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Thoughts after BYU’s Education Week, and hope for young moms

Part 2 of 5

In a very huge curriculum across all topics, I found next to nothing on nutrition. I should really teach at Education Week. Somebody make that happen and I’m there.

 

On Friday, though, I went to a class called Stocking A Healthy and Convenient Pantry.  Please make careful note of the way that title is phrased, for my later comments. I had low expectations of the class, since the LDS (Mormon) people attending the campus event (at the Mormon university) have adopted all the ways of the larger culture, in terms of the Standard American Diet.  We embrace processed food and a heavily meat- and dairy-dominated diet, despite counsel against that in both ancient and modern scripture. (One of these days, LDS friends, I’m going to start posting loads of public comments from the prophets and apostles over the past 150 years on diet.)

 

My low expectations went even lower when I walked into the class and saw the teacher, an older lady who is about 80-100 lbs. overweight. Please know that I love everyone (I am already bracing for the responses to this blog entry), but I say that only because I prefer classes on health to be taught by people who are healthy.  Just like I expect a class on Old English to be taught by someone who has read Beowulf, and a class on dance to be taught by someone who can cha-cha.

 

Before I go just all-out nuts on what was taught in this class—representative of what’s being taught in America—let me tell you the two interesting and valuable facts I learned from the highly academically qualified source:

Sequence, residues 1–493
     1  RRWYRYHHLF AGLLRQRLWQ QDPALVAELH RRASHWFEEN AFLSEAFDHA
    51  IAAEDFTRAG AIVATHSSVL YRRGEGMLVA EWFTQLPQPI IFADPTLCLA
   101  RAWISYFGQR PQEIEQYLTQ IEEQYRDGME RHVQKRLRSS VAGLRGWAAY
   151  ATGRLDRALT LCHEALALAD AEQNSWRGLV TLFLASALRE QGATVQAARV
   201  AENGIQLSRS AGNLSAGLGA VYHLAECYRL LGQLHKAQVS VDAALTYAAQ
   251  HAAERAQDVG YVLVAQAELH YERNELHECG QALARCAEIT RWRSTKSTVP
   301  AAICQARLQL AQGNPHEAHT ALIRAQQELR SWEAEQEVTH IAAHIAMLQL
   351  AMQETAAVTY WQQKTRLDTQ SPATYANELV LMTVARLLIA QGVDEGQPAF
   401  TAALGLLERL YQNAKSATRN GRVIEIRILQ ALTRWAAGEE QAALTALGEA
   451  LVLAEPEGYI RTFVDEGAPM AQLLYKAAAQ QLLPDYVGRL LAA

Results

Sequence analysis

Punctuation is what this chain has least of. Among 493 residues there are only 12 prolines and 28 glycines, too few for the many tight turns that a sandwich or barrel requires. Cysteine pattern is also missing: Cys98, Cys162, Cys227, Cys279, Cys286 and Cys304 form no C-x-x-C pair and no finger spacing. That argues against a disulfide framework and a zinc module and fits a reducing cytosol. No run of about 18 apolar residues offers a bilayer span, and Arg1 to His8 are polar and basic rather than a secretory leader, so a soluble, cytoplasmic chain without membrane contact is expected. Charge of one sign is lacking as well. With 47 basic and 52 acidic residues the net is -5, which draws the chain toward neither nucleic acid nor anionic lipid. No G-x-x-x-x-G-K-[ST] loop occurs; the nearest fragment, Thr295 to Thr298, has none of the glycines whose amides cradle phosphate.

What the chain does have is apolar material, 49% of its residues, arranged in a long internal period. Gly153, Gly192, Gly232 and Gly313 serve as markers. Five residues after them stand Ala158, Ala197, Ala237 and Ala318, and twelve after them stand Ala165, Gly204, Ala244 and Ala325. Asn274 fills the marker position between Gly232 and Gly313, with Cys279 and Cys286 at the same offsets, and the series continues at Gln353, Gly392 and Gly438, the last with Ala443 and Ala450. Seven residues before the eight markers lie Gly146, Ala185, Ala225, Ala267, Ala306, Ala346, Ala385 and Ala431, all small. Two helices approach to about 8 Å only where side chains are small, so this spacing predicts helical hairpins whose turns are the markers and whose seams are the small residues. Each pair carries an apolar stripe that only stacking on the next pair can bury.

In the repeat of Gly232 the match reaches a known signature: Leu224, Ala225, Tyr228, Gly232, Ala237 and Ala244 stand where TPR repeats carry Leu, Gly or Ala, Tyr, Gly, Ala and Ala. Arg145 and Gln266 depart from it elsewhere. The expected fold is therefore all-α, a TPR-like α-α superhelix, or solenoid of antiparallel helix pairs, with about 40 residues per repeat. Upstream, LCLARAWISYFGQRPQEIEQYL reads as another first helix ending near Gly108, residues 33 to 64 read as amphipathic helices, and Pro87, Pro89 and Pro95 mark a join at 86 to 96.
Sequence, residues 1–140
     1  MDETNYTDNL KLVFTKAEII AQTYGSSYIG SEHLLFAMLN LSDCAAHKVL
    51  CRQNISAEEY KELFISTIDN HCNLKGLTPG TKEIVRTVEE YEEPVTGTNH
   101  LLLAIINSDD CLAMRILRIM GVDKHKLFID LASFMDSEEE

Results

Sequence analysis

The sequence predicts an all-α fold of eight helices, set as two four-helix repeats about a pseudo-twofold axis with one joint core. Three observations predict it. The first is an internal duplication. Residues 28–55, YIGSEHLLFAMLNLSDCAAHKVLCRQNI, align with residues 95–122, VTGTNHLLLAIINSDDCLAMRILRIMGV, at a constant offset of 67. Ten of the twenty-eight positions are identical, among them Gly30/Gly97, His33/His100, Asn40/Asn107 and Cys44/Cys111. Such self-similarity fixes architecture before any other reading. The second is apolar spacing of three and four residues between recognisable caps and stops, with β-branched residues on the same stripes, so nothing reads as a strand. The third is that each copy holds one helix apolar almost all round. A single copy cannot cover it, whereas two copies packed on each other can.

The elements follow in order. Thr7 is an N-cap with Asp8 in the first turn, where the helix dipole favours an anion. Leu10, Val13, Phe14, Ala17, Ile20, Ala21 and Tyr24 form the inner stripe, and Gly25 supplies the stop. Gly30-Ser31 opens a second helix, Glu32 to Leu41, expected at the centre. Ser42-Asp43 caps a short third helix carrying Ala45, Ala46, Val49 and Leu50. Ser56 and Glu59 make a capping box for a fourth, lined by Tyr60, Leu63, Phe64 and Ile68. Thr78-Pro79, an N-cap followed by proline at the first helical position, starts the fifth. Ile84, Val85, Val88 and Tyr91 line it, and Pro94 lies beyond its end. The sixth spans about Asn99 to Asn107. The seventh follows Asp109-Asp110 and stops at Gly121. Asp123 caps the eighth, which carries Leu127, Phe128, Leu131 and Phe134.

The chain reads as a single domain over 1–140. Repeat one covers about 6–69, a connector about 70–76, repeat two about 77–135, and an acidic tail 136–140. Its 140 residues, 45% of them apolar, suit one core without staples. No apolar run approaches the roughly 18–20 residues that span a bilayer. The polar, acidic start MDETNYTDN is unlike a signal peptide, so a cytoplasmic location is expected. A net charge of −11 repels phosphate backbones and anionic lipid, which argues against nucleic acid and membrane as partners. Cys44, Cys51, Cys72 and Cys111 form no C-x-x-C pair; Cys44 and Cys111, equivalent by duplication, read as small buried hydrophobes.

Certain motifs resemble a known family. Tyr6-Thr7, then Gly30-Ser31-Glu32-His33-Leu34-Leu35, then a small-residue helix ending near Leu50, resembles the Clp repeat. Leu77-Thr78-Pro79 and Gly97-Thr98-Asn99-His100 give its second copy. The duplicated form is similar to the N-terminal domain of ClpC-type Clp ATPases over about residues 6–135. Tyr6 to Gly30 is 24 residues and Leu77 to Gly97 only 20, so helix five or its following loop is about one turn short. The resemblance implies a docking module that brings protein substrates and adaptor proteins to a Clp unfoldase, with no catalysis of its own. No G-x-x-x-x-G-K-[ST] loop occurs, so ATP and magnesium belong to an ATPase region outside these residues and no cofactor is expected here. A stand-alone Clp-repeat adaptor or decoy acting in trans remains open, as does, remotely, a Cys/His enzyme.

First, in the 1940’s (before Betty Crocker and prepared foods), guess how much time women spent in food-related activities, and guess how much time they spend now? 

 

1940’s:  6 hours a day

Now:    20 minutes a day

 

Sure, we have more pressures now.  More of us work.  But wow.  We could do better.  We don’t have to spend 6 hours.  But maybe we could commit to spending a bit more than 20 minutes?  Remember that includes shopping and drive-thru time . . . ALL food-related activities!

 

And here’s the other interesting fact.  Google “food neophobe” about children who are very “picky,” a new phenomenon that I’m sure is also a spawn of the Standard American Diet and its addictive chemical “foods.”  Children who won’t try new things need 9 to 10 exposures, according to research, to embrace a new food.

 

So don’t give up if you gave them green smoothies three times and it didn’t go over well! Be patient and persistent.

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